The governor of the Bank of Italy shares thoughts with Global Finance.
Global Finance: The Covid-19 pandemic has taken a heavy toll on the Italian economy. The initial recovery has been better than expected. What are your forecasts for the Italian economy in 2020 and 2021?
Ignazio Visco: The diffusion of the new coronavirus has affected the Italian and the world economy very severely. The scale of this crisis is without parallel in recent history.
In Italy, in the first two quarters of this year GDP fell, cumulatively, by 17%, almost twice the loss recorded in the period 2008-13, which includes both the global financial crisis and the euro-area debt crisis, and which had been the worst slump in peacetime since Italy’s unification in 1861. Since May, with the gradual easing of the lockdown measures, some indicators have shown a partial recovery, broadly in line with our expectations. In our baseline scenario, which we have not yet revised, GDP is projected to decline by almost 10% in 2020 and to rise by less than 5% in 2021. Risks remain on the downside, especially because the pandemic is not evolving as many had hoped: Important countries are struggling to arrest the first wave of contagion; others are experiencing a second wave, with partial closures of economic activities. The situation is still worrying.
GF: What have been Italy’s benefits from the ECB’s large-scale quantitative easing [QE] programs?
Visco: After the outbreak of the pandemic, the ECB [European Central Bank] decided to strengthen its ongoing purchase programs and launch the new Pandemic Emergency Purchase Programme (PEPP) to counter the risks weighting on the monetary policy transmission mechanism and the outlook for the euro area. The PEPP was crucial in easing the tensions on financial markets that last March had led to a sharp increase in interest rates in all countries, and especially in Italy. The yield spread between Italian 10-year government securities and the corresponding German bund, which had been less than 140 basis points in February, widened to about 300 points toward mid-March. At the end of August it hovered around 150 points. The narrowing observed in the last months is comforting, but the spread remains too high and almost double those of Spain and Portugal. The sustainability of the Italian public debt is not in doubt. Still it is important to act immediately through a comprehensive package of reforms aimed at strengthening our economy also through a pragmatic and judicious use of European funds.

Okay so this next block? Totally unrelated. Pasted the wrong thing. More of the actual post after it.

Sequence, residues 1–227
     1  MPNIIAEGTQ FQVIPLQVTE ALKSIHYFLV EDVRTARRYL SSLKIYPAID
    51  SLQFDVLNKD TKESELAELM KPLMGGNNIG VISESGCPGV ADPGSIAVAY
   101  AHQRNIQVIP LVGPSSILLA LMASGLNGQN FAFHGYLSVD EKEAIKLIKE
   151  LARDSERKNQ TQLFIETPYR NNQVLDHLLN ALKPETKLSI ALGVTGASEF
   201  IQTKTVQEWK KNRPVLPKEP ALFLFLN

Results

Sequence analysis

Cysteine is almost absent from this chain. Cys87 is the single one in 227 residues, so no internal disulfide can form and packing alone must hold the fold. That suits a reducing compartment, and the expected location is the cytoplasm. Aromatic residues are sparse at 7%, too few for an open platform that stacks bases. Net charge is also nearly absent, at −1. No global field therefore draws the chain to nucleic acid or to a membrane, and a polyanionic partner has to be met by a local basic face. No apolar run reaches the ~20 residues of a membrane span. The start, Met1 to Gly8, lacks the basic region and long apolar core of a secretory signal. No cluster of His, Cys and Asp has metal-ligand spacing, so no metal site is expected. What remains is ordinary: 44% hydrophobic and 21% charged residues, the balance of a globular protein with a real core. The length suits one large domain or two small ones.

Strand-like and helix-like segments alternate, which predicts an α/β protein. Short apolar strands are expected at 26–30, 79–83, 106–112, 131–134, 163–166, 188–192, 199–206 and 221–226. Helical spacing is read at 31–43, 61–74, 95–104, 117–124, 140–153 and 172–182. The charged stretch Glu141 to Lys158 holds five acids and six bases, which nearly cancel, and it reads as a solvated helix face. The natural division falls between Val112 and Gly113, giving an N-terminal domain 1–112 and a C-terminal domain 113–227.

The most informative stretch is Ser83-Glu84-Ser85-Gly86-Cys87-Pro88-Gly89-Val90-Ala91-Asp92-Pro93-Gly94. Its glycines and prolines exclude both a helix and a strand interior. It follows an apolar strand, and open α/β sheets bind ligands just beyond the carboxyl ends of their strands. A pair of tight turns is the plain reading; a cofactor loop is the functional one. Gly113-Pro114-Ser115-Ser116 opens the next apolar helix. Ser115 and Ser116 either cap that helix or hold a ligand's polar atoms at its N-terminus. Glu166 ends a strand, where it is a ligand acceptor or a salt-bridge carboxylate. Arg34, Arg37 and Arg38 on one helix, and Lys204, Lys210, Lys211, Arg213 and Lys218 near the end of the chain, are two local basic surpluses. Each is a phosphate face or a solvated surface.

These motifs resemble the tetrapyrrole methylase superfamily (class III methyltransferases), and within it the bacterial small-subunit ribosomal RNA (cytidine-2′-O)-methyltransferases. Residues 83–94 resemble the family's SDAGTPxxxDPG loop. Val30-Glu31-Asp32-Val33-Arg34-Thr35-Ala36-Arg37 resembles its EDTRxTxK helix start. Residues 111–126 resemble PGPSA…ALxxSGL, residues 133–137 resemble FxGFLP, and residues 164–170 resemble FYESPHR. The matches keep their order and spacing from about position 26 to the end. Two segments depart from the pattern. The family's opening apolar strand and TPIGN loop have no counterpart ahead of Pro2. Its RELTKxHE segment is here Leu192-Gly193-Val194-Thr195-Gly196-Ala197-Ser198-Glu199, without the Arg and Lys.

GF: Do you think the current recession may have a negative impact on the country’s bank balance sheets, increasing the amount of bad loans? What can be done to prevent this from happening or to lessen the problem?
Visco: Italian banks are facing the crisis from a stronger position than the one they were in before the double-dip recession of 2008-13. Between the start of 2007 and the start of 2020, the ratio of the highest quality capital to risk-weighted assets almost doubled, reaching 14%. Balance sheets have been cleared of a large part of their nonperforming loans, which have fallen by two thirds from their 2015 peak, to 3.2%.
Given the strength of the system before the crisis, European authorities have taken measures to encourage banks to use capital-and-liquidity buffers. Thanks to the liquidity injections by the eurosystem and the public guarantees on loans, intermediaries have been able to support the liquidity needs of households and firms.
Nevertheless, one legacy of the crisis will inevitably be an increase in nonperforming loans, which banks have to deal with in a timely manner using all available instruments, including restructuring and market sales. If necessary, we must stand ready to explore all the solutions to safeguard financial stability, like preventive tools to help banks that are facing severe but temporary difficulties and public support to indebted firms and households.
GF: What are the main risks for Italy and its economy?
Visco: After the exceptional drop in economic activity observed both in Italy and globally, a gradual recovery should characterize the remaining part of the year. However, a great deal of uncertainty surrounds the speed and intensity of the upturn and, more in general, the outlook for the following years. Risks are associated with a series of factors. The first is, as mentioned, the course of contagion, including the appearance of new outbreaks and the duration of the ensuing lockdown measures. The second is related to the possible persistent weakness of household and business confidence, which may continue to depress consumption and investment. A final risk concerns potential long-lived consequences of the pandemic on households’ habits, on the nature of work and, more in general, on the broad organization of our lives. If left unchecked, these transformations could increase hardship and inequality and, in turn, undermine the cohesion and sustainability of our society.